Aha, therein lies the rub: define “functional.” You might say, if I’m so absorbed in what I’m doing that I skip a meal or a shower then slow down, turbo, that’s just craziness! But would you think so if you were reading about some great artist and how they created their masterpiece? I’m guessing you’d just label that “artistic genius” (unfortunately, telling my mother that I was an artistic genius growing up because Leonardo DaVinci was supposedly a slob didn’t get me out of cleaning my room, but ya know, worth a shot). And how many gamers do you know that get whatever new game they love and will not be seen or heard from for the next two or three days until they’ve beaten the thing? Are they disordered or just passionate about that game? Since it’s an actual thing for significant others to call themselves “<enter name of game here> widows,” as in, “Are you free this weekend?” “Yeah, I’ll be a Skyrim widow for the next few days, so I’m free!” …I’m thinking that’s not so abnormal. So why do we treat it as such?
Why do we make exceptions (see above gaming example) for some things, but that is absolutely out of the question for other things? Why can’t you call out of your day job when you need a mental health day without faking a cough? Why isn’t it enough to just say, my focus just really isn’t there today, and I wouldn’t be very productive if I tried to force it anyway? Because it’s seen as immature to admit to the fact that you can’t turn your focus and passion on and off like a switch? I would think it would be more mature to know your “limitations,” though I hesitate to call them such. I don’t see these things as limitations; I see them as natural cycles.
Think about it historically: people living closer to the land had natural cycles built into their lives that us modern city-dwellers don’t even acknowledge today. There was planting season; there was growing season; there was harvesting season; there was the cold season when you retreated indoors. Your focus was on different activities, in different quantities, at different times of the year. And those activities were influenced by things like the weather, and how much sunlight you had, and how many people were working together to accomplish a goal. Yet we’re expected to still maintain a year-round five days a week, 52 weeks a year, eight hour burst of focus on the same exact thing for our entire adult lives. Sounds rather arbitrary, doesn’t it?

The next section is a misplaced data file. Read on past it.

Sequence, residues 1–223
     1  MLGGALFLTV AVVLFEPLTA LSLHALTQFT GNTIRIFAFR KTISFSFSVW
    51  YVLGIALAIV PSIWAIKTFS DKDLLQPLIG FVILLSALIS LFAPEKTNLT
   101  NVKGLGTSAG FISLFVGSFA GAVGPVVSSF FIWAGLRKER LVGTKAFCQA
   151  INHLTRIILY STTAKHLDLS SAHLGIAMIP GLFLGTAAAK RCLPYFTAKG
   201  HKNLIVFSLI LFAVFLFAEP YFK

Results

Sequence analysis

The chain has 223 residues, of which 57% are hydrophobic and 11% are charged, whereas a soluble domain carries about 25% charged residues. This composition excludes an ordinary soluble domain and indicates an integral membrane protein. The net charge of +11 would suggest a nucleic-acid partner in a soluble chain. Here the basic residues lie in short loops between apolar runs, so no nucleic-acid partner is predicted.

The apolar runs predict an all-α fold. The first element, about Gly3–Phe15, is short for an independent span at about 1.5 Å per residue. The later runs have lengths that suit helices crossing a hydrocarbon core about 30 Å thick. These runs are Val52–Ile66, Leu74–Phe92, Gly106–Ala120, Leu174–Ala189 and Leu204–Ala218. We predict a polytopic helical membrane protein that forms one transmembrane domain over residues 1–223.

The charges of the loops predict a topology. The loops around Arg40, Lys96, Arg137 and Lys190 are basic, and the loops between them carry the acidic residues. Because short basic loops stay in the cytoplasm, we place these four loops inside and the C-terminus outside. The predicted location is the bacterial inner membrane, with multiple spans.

So why is it “irresponsible” to not fit that unnatural mold? It sounds more like being in tune with the real world to me. But we’ve become so conditioned, in a very short period of time, when you think about it, that this is just the way things are, and how they’ve always been. But in reality the industrial revolution, and with it, the scheduling of people’s lives around factory schedules instead of the natural world, is a relatively recent development.
I say down with a man-made contrivance, and up with listening to your body, your spirit, and your natural rhythms. I find I accomplish a lot more of value this way, as opposed to a pile of busywork and an ethic of butts-in-seats. Do what is worthwhile. Time is relative.